In Search of the Good Life: Chapter 1, Part 2

By: Patrick

 

Joey generally refused to eat or drink at the places we hung out. When put on the spot by a particularly insistent waitress, he would begrudgingly order some green tea or something, but generally he would order nothing. He felt that eating (and presumably drinking) was a waste of time, a way to suppress anxiety. In short, non-philosophical. Wiry and relentlessly energetic, he would often speak with such intensity that foam would build up at the sides of his mouth (presumably because he was so de-hydrated). He was certainly an unusual man, one under whose influence I would fall from time-to-time before violently rebelling as I felt my sense of self being compromised. That said, it was difficult not to admire him for his tireless enthusiasm, his devotion to philosophy, and his sheer chutzpah. He brushed my doom-laden summation of recent philosophical mishaps aside with a shrug.

‘You say nothing new. What else happens when a group of people get intimate?’

I mentioned Mickey and no one turning up to his group again, suggesting that this was not very intimate or even supportive.

Joey was un-phased: ‘As you know, Mickey was taught all he knows by the Aztec Indians. He will find a way to cope. Mickey’s problem is that he does not know how to philosophise. He just wants to expand people’s minds and then get them to sign up for one of his workshops. He doesn’t know the first thing about relationship. No wonder no one turns up to his groups.’

At this point the door opened and Tino Leonardo swept in. With no introduction he immediately started haranguing Paulie. They were kind of like brothers, I guess. Or at least that’s what Joey had suggested a while back and I guess it stuck.

Still standing, Tino laid straight in: ‘I think it’s all a bit fake, this whole relationship thing, Paulie. A bit fake, yes. And I’m not convinced by your philosophy, no not at all. It’s a ragbag of ideas loosely held together by this whole relationship thing. Not convinced at all’.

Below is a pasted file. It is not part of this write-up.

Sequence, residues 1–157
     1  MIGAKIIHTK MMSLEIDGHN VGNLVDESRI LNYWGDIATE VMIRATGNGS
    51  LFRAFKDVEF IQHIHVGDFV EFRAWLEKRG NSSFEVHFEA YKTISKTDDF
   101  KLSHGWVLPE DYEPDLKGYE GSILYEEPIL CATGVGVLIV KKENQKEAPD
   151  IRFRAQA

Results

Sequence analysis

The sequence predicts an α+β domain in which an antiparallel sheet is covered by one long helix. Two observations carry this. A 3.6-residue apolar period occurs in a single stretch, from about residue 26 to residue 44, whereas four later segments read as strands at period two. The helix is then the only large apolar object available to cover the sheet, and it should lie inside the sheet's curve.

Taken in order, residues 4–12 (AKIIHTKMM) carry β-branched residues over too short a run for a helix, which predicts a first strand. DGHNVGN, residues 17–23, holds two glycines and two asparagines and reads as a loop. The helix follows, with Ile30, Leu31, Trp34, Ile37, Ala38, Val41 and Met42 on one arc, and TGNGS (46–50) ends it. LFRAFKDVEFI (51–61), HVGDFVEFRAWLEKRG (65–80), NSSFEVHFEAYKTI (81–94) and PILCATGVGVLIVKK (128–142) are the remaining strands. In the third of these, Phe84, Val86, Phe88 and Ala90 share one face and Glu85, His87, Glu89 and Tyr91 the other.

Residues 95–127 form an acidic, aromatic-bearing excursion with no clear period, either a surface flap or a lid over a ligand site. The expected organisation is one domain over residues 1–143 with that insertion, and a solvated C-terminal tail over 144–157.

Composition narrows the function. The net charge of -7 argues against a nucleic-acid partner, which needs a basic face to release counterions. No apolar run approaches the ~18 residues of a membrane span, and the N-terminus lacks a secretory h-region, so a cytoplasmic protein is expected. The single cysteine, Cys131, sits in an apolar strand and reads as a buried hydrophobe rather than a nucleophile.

At this point, he turned round to me and grinned. He had a soft spot for me, mainly because I was prepared to listen to him. Everyone else thought he was mad. Which according to most diagnostic criteria, he is. Or at least was. He spent quite a lot of his youth believing that he was Jesus Christ and going on various ill-advised pilgrimages. He was naturally very proud to have escaped the mental health system a number of years back. He claims that it was largely due to finding language, particularly poetry. He will often stand and declaim poetry at me, or indeed at anyone who will listen. Maybe it’s like a nervous tic. He has some pretty bizarre theories, for example that Queen Elizabeth was Shakespeare, and I suspect that he still believes he is the messiah but has learnt to keep quiet about it. He occasionally goes down to speaker’s corner in London to tell people about this under the guise of ‘Mystical Bard Northern’. Despite all his quirks, he is quite a shrewd chap and I enjoy his company, often immensely. I have learnt to lay down the law with regards to declaiming his poetry; otherwise I become like a rabbit in the headlights. A bored rabbit.

Tino was back at it again before Paulie interjected, telling him to calm down and to take a seat. Tino turned to me and smiled again, aware perhaps of his tendency to make these rather flamboyant entrances. He has often been known to walk in, harangue Paulie, recite some poetry (uninvited) and then walk out again. This time he sat down. And ordered a latte.

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